Plan F or Plan N: What most agents don’t tell you… or don’t know.

Medicare Supplement plans, often called Medigap plans by Medicare, are plans that work in combination with Medicare.  The most popular plans are Plan F and Plan N.

Before we compare these plans, it’s important that you understand how Medigap plans work and how they differ from Medicare Advantage plans.  Click here to read Medigap vs. Medicare Advantage.

Plan F vs. Plan N Benefits

Ok, now that you have the basics, its time to get more specific with these two plans.

Plan F

Referring to the chart below you can see that all the Medicare benefits boxes are checked for Plan F.  That means when Medicare approves a medical expense, Plan F covers 100% of your out-of-pocket expenses (copayments, coinsurance and deductibles).

Plan F also covers 80% of foreign travel emergency expenses with a $250 deductible and $50,000 lifetime maximum.

Plan N

The chart above shows that Plan N covers as much as Plan F covers except for:

  • The Medicare Part B deductible
  • Medicare Part B excess charges
  • Doctor Visit and Emergency Room Copays
  • Part B deductible

The Part B deductible for 2016 is $166. You are responsible for this yearly amount whenever you begin to receive any Part B services with Plan N.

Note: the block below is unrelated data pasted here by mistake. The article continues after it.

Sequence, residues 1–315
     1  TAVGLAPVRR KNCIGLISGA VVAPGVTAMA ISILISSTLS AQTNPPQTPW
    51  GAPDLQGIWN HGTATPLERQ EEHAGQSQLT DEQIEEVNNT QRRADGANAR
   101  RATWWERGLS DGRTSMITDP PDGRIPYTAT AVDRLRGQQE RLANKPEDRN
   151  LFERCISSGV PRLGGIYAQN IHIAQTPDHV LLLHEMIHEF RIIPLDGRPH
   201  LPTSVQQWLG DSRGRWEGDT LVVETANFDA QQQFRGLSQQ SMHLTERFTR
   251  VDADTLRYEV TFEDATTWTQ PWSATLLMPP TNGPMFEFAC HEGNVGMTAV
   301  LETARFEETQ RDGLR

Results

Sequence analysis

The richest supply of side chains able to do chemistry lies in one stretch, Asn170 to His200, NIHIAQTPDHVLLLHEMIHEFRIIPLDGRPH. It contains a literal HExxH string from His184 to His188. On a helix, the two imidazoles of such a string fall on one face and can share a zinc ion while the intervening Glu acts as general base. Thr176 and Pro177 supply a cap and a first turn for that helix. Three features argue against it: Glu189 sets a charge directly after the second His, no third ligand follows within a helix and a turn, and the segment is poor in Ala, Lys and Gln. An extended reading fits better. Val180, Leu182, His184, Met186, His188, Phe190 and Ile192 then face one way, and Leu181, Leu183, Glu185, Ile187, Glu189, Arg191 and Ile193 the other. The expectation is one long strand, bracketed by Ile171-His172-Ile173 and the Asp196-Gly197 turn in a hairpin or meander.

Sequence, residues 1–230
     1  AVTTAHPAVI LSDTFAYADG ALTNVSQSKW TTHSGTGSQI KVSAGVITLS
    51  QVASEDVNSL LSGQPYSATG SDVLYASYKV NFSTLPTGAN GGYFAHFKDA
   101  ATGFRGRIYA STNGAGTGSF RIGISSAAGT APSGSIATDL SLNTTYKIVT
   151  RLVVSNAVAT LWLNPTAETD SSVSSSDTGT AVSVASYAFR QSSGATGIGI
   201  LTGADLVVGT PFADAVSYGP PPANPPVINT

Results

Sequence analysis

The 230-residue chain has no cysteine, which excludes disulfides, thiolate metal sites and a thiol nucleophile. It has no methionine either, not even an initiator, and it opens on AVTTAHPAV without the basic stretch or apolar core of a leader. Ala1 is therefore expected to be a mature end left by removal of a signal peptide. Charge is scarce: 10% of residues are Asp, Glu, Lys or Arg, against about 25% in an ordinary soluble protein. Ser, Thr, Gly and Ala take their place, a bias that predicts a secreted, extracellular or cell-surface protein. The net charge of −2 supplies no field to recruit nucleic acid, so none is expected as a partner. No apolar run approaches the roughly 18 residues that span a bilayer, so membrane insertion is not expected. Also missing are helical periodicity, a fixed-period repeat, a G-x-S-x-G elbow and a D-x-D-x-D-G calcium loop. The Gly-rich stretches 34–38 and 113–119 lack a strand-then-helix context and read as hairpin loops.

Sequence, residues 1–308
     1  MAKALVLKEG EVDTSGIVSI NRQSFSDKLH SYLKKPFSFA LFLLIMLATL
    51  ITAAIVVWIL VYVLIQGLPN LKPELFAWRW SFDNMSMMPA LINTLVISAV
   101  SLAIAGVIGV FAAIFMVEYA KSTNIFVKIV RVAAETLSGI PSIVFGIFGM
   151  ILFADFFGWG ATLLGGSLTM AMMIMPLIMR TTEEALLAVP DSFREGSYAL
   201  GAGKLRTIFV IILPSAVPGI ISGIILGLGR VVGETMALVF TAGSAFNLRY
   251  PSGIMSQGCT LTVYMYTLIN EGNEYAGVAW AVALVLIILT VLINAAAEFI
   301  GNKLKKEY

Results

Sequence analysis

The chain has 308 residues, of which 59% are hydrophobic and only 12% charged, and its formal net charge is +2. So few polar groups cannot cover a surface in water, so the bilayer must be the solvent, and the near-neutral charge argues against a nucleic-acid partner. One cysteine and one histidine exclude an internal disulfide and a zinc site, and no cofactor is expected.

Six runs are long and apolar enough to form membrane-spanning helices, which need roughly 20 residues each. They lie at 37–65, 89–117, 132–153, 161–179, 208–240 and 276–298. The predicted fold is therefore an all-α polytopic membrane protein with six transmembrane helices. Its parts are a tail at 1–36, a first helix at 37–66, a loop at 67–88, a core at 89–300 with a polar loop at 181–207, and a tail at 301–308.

Part B Excess Charges

When you compare Medicare supplement plans, it is essential that you understand Part B excess charges.

Many people, and many insurance agents for that matter, struggle to understand what a Medicare Part B Excess charge is.

Simply put , it is an additional amount that a physician or other healthcare provider can charge you over and above the Medicare approved amount.

There are many doctors and facilities who accept the Medicare allowed charge. However, there are also doctors and other healthcare providers who DO NOT accept the allowed charge and have excess or additional charges.

 I was really confused about my Medicare options before Todd helped me understand the Medicare plan that best fit my needs. 

>>> read another customer review

Still unclear about the differences?